Jewels ballet. Choreography by George Balanchine. Music by Gabriel Fauré, Igor Stravinsky, and Pyotr Ilyich Tchaikovsky. Performed 2006 by the Mariinsky Ballet Company. Solo stars in the Emeralds part are Zhanna Ayupova, Denis Firsov, Daria Sukhorukova, Dmitry Semionov, Yana Selina, Xenia Ostreikovskaya, and Anton Korsakov; in Rubies, Irina Golub, Andrian Fadeyev, and Sofia Gumerova are the soloists; the soloists in Diamonds are Ulyana Lopatkina and Igor Zelensky. Tugan Sokhiev directs the Mariinsky Theater Orchestra. Rubies piano solo by Lyudmila Sveshnikova. Staging by Karin von Aroldingen, Sarah LeLand, Elyse Borne, and Sean Lavery; scenery by Peter Harvey, costumes by Karinska with recreation of costumes supervised by Holly Hines; original lighting by Roland Bates is executed by Perry Silvey; directed for TV by Brian Large. Released 2011, has 5.1 dts-HD Master Audio sound Grade: A
This is an abstract ballet in which Balanchine pays homage to various influences in his artistic life. The dancers are dressed first in green for the "Emeralds" number, then in red for "Rubies," and last in white for "Diamonds." Per Balanchine himself, the dances, without plot or props, have "no literary content at all." My impression is that Balanchine might have been unconsciously inspired to honor in "Emeralds" the French origins of ballet, to salute the United States in "Rubies" for giving Balanchine a safe place to work, and to celebrate in "Diamonds" the Russian (Petipa) school of ballet where Balanchine got his start.
Jewels is considered to be a masterpiece of modern neoclassical dance. There is a legal entity called the George Balanchine Trust that arranges for production of Jewels in accordance with the "Balanchine Style." This suggests that performances of this work will probably have a lot in common and few differences. At this date (April 2015) there have maybe been more than 150 productions of Jewels around the world (since its premiere in 1967). In other words, although this has been a successful and popular work, only a pitifully few people have been lucky enough to see it.
Before the release of subject title, there was only one complete video of Jewels. This was the performance by the Paris Opera Ballet in late 2005 released by Opus Arte in 2008 in Blu-ray. (There was also a DVD of this POB show from Opus Arte.)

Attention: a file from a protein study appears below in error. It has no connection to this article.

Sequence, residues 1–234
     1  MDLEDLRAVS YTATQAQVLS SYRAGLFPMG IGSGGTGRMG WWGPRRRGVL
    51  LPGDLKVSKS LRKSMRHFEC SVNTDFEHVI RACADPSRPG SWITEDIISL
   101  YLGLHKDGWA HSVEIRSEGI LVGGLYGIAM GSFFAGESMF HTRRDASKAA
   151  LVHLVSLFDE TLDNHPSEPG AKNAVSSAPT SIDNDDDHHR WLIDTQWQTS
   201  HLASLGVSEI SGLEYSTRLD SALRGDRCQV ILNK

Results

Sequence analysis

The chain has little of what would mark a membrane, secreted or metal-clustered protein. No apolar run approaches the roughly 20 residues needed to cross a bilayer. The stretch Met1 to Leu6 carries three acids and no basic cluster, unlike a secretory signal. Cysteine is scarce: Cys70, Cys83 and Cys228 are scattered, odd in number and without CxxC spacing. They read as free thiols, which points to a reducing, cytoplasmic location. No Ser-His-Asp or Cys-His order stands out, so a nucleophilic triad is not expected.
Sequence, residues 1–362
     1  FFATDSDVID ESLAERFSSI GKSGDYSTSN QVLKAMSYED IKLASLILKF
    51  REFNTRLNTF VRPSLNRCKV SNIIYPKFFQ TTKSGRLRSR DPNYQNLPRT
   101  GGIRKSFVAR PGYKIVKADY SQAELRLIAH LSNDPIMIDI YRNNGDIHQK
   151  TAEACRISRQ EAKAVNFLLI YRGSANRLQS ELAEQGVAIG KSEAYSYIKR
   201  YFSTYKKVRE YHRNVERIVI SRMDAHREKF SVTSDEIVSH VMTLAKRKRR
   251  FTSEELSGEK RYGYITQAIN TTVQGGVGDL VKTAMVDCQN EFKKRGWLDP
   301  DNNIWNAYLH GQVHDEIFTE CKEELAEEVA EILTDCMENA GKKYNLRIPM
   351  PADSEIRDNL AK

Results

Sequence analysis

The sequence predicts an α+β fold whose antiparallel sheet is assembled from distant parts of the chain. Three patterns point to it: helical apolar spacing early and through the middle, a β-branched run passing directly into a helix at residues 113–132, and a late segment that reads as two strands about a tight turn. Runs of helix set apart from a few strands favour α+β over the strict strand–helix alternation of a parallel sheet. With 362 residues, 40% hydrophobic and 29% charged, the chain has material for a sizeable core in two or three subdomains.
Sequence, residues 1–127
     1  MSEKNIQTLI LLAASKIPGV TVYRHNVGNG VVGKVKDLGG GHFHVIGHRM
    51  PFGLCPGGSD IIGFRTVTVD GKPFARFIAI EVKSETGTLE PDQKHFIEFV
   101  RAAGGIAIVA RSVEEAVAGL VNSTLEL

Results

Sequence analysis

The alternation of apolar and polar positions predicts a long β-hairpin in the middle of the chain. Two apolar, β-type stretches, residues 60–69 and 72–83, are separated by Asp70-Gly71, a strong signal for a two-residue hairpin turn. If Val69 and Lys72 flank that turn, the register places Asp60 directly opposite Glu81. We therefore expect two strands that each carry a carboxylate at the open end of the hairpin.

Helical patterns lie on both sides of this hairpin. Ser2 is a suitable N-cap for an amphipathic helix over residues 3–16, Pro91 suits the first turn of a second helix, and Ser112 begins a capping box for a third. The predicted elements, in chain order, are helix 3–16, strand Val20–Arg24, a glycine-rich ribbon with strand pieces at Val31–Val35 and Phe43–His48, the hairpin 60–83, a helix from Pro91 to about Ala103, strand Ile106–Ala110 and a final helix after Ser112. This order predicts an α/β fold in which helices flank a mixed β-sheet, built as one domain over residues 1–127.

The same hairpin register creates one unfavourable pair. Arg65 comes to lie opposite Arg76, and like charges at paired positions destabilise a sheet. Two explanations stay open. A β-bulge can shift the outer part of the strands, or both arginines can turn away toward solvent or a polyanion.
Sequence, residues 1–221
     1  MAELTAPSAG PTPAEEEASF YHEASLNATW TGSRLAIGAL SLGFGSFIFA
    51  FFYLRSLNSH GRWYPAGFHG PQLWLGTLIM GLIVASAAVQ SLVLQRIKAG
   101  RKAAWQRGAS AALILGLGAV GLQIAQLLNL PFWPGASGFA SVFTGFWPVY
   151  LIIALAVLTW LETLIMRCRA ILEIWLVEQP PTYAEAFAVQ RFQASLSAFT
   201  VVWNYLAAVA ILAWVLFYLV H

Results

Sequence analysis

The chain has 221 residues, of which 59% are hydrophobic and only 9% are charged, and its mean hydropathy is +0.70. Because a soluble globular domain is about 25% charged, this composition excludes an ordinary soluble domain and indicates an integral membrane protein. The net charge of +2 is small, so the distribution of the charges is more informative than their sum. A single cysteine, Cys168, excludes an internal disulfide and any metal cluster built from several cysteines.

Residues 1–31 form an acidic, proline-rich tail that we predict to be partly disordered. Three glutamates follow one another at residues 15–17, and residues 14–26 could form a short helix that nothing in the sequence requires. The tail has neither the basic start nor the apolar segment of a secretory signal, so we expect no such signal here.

Scenery is allowed for each part of Jewels. In the POB version the minimal scenery used was so cold as to be counter-productive. It would have been better leave the stage completely bare and rely on lighting for augmenting the mood of each ballet. At the Mariinsky, Peter Harvey did a much better job. He added side curtains that reduced the size of the stage. He also added interesting and luxurious jewel-like hangings that tend to "lower the ceiling." This together with clever painted backdrops and lighting transformed the stage into a thing of beauty itself and provided a cozy (rather than sterile and forbidding) environment for the dancing.
The Mariinsky dancers seem to me to be completely competitive with their French counterparts. In addition, the Mariinsky stars managed on occasion to sneak in some actual emotion into their dancing. These dashes of salt and pepper season the steak.
The Mariinsky video was made in 2006, which is long ago in the world of HDVD. The TV director was Brian Large, probably the most experienced videographer in the world at the time.
Here are several screenshots from "Emeralds", a dreamy segment. (I should point out now that the Mariinsky folks cut about 7 minutes of the Fauré music.) We start with Large's opening shot of the whole stage and the beautiful set. The vast majority of the video shows whole-body views of the dancers:
And here's Large's closing shot from further away:
Below is one of a few near shots. In a story ballet, the TV director uses many more near and close-up angles (showing the acting skills of the dancers) than Large does here. The costumes in St Petersburg are very nice, but not quite as glamorous as the costumes Christian Croix designed in Paris. Here we see the pas de deux couple (whom I can't identify for sure):
After the dream state of "Emeralds", we are thrown into the raucous world of "Rubies". The lead goes to Sofia Gumerova, who is featured in the next three views:
But Irina Golub, whom we know well from the Mariinsky Nutcracker title in HDVD, steals the show. Golub oozes sex appeal from every pore and nothing can hide it:
Here's Irina and Andrian Fadeyev in a rare close up:
Here's Large's final view of "Rubies":
And now to the serenity of "Diamonds"; here the opening shot shows some of the building and the pit:
Ulyana Lopatkina and Igor Zelensky perform with regal eloquence:
A closing that Petipa himself would envy:
Now, suddenly, Large uses a camera on a high balcony to photograph the corps. You can't run this risk (of exposing dancing errors) unless you have drilled your corps to perfection. I in turn was lucky to get this screenshot with 16 lords leaping:
The next three shots are sublime in every way:
In this shot the final curtain is already falling:
But there is a quick change of pose even as the curtain fall continues (note the chandelier is now obscured):
The music was performed very well by the Mariinsky Orchestra under Tugan Sokhiev, and the recording is very intimate and close.
Sum up: Jewels is a ballet that gets better each time you watch it. If you can only have one video of Jewels, the Mariinsky title is probably the one to buy. It's technically as good or better than the Paris show, and it has elements of drama, mystery, and sex appeal that I don't detect in the competition. This would be an "A+" title except that there are enough motion defects to cause me to reduce the grade to "A." (This is still room for someone to come up with an A+ Jewels with no motion sickness.)